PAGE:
We have begun the time of year when Attila leaves before light, but thankfully arrives home before dark. When winter arrives he will leave before light and return after darkness falls. Such are the seasons.

The onset of shorter days is always marked by a new routine. Attila leaves lights on all over the house when he leaves, because it is dark when he leaves. After he has left for work, I wander around the house turning off most, but not all, lights. It is usually hours before there is enough natural light to work by, so the lamps in the living area remain lit until the day progresses.

Long after Attila has left for the day, light seeps into the sky and through the window.

I have been waking in the early hours again, unable to return to my dreams. Sometimes I arise and do a bit of work on the computer, or putter around in the kitchen. Other times I simply relax in the bed and listen to the night sounds (when the window is open) or just daydream until either Mist or Attila stir. I love a good night’s sleep, but right now that just is not happening. I am optimistic that restful nights will return; patience is required.

I continue to stand as I work on the computer. What a difference it makes! I find that I do not want to sit down, but have to do so occasionally so that I do not tire myself out completely. It is so simple to wander away from the computer when it is busy doing its thing, to take up some other task that needs doing in the physical world. And I feel so much better. I am in a lot less pain, which is a bonus of moderate activity. I have been shedding a few pounds as well, not a lot, not quickly, but every little bit that goes improves my general health.

We have entered heating season. The morning fire has become a part of the routine again, to Mist’s absolute delight. I notice that after enjoying the heat she heads downstairs to the unheated area to curl up and sleep the day away. She is getting old, we estimate that she is at least 16 years old. She seems a bit stiff for a few minutes after she rises from a long sleep, but other than that she is very healthy. Many days she has a “crazy cat” session where she charges around the room, chasing shadows or perhaps cobwebs.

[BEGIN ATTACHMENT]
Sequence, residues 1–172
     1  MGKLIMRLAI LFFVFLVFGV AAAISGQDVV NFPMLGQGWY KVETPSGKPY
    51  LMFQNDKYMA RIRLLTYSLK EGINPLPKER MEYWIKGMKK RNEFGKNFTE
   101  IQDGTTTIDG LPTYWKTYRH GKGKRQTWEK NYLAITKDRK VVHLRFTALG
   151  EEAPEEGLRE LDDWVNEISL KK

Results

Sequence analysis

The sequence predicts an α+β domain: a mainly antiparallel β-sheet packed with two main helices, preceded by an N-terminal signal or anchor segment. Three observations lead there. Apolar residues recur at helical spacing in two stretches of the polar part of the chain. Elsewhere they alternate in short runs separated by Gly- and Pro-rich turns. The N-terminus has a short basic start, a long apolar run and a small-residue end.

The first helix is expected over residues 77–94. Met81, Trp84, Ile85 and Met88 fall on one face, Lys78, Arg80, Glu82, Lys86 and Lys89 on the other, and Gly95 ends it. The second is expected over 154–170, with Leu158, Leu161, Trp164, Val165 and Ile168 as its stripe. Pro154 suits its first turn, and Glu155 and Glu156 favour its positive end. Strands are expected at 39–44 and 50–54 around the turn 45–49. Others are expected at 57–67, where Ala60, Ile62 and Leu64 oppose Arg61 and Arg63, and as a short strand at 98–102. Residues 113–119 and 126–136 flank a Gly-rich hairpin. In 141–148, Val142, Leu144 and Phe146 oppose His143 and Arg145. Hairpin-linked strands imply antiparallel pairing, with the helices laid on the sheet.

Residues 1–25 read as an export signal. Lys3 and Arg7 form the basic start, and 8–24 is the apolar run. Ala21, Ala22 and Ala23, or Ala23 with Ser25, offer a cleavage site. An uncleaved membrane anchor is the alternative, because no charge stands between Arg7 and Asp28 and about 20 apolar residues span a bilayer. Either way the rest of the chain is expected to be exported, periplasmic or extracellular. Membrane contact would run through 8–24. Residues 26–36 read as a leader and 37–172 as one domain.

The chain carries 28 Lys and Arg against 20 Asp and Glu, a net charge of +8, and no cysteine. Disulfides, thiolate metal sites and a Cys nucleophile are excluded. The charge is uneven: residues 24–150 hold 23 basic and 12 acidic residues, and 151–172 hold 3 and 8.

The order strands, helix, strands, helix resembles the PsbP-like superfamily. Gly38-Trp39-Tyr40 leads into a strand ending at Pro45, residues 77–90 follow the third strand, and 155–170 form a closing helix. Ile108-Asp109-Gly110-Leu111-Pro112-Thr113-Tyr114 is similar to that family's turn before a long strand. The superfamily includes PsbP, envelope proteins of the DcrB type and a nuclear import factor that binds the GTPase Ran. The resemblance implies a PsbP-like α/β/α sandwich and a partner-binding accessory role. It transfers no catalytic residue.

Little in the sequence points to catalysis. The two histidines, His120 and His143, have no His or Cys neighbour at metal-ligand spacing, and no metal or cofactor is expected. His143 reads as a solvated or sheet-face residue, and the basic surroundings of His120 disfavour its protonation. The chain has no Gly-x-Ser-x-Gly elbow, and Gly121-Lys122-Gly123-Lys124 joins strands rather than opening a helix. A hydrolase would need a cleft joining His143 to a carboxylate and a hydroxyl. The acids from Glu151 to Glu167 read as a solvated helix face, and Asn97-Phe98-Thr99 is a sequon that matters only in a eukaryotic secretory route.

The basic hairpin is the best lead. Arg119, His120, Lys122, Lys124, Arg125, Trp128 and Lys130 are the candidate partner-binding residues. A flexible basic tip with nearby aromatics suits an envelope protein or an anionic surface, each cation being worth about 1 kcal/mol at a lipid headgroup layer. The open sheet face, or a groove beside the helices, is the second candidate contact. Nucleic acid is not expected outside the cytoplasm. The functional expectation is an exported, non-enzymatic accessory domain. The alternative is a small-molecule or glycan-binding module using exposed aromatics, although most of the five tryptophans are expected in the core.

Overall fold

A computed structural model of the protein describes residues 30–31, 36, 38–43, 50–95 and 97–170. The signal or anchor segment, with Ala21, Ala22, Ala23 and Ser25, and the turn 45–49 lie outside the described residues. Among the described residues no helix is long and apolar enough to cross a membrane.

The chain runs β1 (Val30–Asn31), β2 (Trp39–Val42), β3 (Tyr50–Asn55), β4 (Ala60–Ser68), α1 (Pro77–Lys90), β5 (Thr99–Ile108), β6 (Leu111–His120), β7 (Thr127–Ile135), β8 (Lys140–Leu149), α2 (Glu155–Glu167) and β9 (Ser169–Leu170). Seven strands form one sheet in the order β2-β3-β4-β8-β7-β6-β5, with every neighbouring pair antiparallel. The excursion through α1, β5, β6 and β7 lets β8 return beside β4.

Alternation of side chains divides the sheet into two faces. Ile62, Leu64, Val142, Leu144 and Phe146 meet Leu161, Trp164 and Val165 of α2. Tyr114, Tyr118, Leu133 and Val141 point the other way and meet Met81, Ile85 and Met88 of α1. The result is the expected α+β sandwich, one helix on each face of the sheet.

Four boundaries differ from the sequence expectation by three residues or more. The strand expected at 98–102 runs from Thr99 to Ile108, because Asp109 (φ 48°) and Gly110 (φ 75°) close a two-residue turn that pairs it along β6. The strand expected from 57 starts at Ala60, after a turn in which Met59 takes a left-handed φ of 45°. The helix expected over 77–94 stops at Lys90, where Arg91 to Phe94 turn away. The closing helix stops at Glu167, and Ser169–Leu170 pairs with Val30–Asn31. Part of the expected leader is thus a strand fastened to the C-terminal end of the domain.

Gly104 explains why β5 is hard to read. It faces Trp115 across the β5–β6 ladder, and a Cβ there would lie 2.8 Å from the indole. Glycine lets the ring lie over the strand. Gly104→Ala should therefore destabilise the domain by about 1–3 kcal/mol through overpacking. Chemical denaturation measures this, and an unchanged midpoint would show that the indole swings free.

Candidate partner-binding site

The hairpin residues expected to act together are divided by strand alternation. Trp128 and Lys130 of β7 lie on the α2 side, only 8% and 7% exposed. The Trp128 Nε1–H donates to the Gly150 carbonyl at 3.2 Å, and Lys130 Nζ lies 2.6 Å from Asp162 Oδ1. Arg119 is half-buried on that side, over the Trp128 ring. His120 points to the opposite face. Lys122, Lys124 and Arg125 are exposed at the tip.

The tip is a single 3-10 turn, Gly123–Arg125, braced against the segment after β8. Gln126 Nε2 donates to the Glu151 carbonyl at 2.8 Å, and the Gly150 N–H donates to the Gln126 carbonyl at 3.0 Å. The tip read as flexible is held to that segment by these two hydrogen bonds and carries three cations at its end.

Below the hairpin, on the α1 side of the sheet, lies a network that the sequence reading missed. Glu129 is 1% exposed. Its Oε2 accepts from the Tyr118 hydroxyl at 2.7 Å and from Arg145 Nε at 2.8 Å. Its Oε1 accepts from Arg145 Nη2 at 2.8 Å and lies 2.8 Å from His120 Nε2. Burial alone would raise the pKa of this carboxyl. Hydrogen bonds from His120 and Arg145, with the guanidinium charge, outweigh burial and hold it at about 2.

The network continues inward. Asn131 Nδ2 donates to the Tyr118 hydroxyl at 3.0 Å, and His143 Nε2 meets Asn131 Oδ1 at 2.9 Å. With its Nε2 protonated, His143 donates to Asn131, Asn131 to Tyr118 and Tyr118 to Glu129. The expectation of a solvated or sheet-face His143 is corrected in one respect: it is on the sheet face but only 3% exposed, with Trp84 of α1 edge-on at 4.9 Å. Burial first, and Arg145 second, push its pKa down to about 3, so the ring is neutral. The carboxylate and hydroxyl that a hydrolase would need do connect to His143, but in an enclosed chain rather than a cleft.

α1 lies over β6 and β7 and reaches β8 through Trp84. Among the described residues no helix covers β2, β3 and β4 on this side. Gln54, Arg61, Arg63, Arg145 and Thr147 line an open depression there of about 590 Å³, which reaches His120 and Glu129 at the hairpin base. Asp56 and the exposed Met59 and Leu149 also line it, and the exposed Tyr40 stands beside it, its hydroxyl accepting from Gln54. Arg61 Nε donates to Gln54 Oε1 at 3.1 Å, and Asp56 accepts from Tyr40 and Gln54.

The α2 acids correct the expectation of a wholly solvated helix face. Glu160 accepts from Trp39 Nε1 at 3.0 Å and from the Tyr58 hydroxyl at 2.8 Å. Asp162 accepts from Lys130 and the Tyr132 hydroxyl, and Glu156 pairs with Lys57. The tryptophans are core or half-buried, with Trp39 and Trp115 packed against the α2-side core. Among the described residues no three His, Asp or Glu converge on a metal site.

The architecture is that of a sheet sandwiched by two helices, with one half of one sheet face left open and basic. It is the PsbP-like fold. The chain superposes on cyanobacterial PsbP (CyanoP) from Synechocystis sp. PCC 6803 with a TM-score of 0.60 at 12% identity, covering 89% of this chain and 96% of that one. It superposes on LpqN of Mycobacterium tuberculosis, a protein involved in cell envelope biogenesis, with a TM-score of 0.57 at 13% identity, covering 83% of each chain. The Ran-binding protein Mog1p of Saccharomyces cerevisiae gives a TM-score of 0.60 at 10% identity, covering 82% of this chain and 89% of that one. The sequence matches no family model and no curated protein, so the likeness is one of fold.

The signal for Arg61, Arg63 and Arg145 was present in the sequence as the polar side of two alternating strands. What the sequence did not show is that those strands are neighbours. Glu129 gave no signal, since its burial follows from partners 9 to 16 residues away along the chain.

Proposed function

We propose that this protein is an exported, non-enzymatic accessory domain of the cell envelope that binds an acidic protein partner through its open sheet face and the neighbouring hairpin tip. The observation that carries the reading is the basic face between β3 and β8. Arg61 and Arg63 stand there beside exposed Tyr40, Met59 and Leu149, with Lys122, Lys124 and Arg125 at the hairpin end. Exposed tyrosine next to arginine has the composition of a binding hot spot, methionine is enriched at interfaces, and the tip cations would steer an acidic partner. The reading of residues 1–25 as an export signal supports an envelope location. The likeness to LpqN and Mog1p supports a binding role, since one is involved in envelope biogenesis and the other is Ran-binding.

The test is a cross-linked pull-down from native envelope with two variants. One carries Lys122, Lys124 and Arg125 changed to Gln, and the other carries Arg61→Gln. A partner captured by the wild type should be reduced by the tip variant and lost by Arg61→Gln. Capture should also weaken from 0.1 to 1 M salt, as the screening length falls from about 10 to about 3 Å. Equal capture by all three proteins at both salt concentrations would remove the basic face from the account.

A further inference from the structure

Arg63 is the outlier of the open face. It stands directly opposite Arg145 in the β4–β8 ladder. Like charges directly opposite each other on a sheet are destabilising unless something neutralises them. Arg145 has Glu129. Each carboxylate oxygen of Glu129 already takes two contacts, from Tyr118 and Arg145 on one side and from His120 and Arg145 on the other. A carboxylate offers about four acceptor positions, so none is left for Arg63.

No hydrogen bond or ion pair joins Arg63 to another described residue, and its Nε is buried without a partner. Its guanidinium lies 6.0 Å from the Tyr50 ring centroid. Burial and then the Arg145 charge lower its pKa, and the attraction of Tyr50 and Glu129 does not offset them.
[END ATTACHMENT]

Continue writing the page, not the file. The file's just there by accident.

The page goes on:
Place, such a small word for something so essential to human existence.

Worldly Distractions

Weather

7 °C
Condition: Cloudy
Pressure: 101.0 kPa
Visibility: 16 km
Temperature: 7.1°C
Dewpoint: 5.8°C
Humidity: 91 %
Wind: SE 17 km/h

Quote 

“You have succeeded in life when all you really want is only what you really need.”
Vernon Howard

Meander

The days are beginning to blend. With no regularly scheduled activities in the outside world the days begin to run into each other, broken only by Attila’s occasional day off work. It reminds me of summers during my childhood, when weeks passed without any contact with the outside world, and days grew slowly along with the trees, uncluttered by human agendas. How glorious, some of those days, spent with siblings, bonded by time and place. Little wonder I became a geographer.

Today is sunny and gloriously yellow. Most of the leaves around our home turned a shade of yellow or orange this year, there has been very little red in this autumn’s palette.

I baked bread yesterday and put the loaves in the freezer for the coming week. Today I cooked black eyed peas in the pressure cooker and have used them to prepare Mexican Bean Casserole in the crockpot. Upon reading the manufacturers instructions, I added a tablespoon of oil to the water in the pressure cooker before sealing it and cooking the peas. The seal is a bit wonky, and was leaking the first time I tried to heat the cooker to pressure. I let it cool down, removed the lid, adjusted the rubber seal and made a second attempt, which worked perfectly. The black eyed peas cooked in four minutes.